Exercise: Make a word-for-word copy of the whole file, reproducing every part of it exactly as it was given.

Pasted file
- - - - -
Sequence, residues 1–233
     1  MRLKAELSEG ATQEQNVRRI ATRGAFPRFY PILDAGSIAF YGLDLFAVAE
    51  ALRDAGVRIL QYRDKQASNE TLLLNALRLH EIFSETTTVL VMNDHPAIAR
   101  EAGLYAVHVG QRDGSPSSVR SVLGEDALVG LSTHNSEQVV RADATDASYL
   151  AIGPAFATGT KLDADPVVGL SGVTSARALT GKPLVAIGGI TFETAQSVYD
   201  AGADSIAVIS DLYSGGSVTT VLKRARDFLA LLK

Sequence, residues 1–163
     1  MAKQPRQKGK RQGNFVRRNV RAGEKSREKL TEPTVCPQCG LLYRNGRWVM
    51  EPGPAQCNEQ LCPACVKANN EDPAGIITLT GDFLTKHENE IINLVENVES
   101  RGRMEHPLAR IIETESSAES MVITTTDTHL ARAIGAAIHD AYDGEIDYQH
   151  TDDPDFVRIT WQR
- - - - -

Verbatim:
Sequence, residues 1–233
     1  MRLKAELSEG ATQEQNVRRI ATRGAFPRFY PILDAGSIAF YGLDLFAVAE
    51  ALRDAGVRIL QYRDKQASNE TLLLNALRLH EIFSETTTVL VMNDHPAIAR
   101  EAGLYAVHVG QRDGSPSSVR SVLGEDALVG LSTHNSEQVV RADATDASYL
   151  AIGPAFATGT KLDADPVVGL SGVTSARALT GKPLVAIGGI TFETAQSVYD
   201  AGADSIAVIS DLYSGGSVTT VLKRARDFLA LLK

Sequence, residues 1–163
     1  MAKQPRQKGK RQGNFVRRNV RAGEKSREKL TEPTVCPQCG LLYRNGRWVM
    51  EPGPAQCNEQ LCPACVKANN EDPAGIITLT GDFLTKHENE IINLVENVES
   101  RGRMEHPLAR IIETESSAES MVITTTDTHL ARAIGAAIHD AYDGEIDYQH
   151  TDDPDFVRIT WQR